Entropy and Evolution
Let’s begin with cosmology. Cosmologists tell us the universe began almost 14 billion years ago in a huge burst of energy, the Big Bang, and everything has been unfolding ever since, following the general principle of entropy. After the Big Bang everything runs down and energy dissipates until finally, a few billion years from now, the whole grand show that started with a bang ends with a kind of whimper. It’s not a feel-good kind of scenario, but it does give us a lot of time, and it lays the basis for some important principles.1
The idea of entropy has the kind of explanatory power we need to get back to first causes. It’s one of the principles, like gravity, that is literally universal. You don’t mess around with such concepts, but take them as given, solid anchors for whatever theoretical structures you want to erect over them.
But specifically, how do we define entropy? This poses a problem: all through this narrative I have had to consider how to define terms that annoy specialists when the public uses them in ways it understands, but are incomprehensible to the public when the specialists use them in ways they consider correct. Entropy is such a word. It has a specific use in thermodynamics and if you are a physicist that’s fine, but I am not writing this just for physicists. For this study, entropy is diffusion of energy, a running down, a wearing out, and decay. It is what happens to a living thing after death.
Is there an opposing force that exists as the equal and opposite of entropy? If not, how do you explain life? I find it useful to use the word “evolution” in its broadest sense to provide a name for that opposing force. This implies that evolution isn’t just something that emerged when life began; it was instrumental in creating life in the first place. If there is life on other planets, that life should be as subject to the basic laws of evolution as rocks on that planet are subject to the law of gravity.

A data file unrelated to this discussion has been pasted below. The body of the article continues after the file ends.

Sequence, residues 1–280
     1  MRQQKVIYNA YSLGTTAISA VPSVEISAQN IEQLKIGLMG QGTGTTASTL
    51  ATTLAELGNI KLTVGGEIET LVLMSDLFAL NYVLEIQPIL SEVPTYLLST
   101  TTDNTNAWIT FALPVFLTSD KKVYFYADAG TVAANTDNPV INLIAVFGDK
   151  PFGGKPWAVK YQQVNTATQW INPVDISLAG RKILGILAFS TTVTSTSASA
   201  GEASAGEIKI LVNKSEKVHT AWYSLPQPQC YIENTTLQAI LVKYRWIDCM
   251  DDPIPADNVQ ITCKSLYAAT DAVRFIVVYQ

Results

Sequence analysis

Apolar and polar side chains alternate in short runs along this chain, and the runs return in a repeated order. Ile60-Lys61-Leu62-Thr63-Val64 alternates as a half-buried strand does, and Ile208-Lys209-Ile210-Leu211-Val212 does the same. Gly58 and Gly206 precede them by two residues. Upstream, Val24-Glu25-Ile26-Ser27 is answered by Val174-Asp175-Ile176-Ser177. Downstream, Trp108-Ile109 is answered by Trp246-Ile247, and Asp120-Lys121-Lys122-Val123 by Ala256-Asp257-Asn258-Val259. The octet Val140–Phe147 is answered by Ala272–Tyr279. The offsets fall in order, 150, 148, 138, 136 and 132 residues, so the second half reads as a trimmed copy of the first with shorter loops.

If we can assume that evolution exists as a universal force that functions as the opposite of entropy, it follows that evolution creates complexity out of simplicity, and concentrates energy. These principles, complexity and power, appear in many guises in our narrative, but I hope to demonstrate that they provide an underlying unity for the whole evolutionary process on earth, just as Beethoven’s initial theme unified the Eroica variations.
The test of any theory is how well it fits the known facts, and how well it predicts outcomes. One test of this theory will be whether the twin criteria of complexity out of simplicity and concentration of power fit what we know about both biological evolution and the quite different phenomena associated with cultural evolution.
To the extent our theory works, we have a starting point for an analysis of evolution that finds comfortable places for both biological and cultural evolution. This should clarify the longstanding controversies over gene-culture evolution, group selection theories, and sociobiology.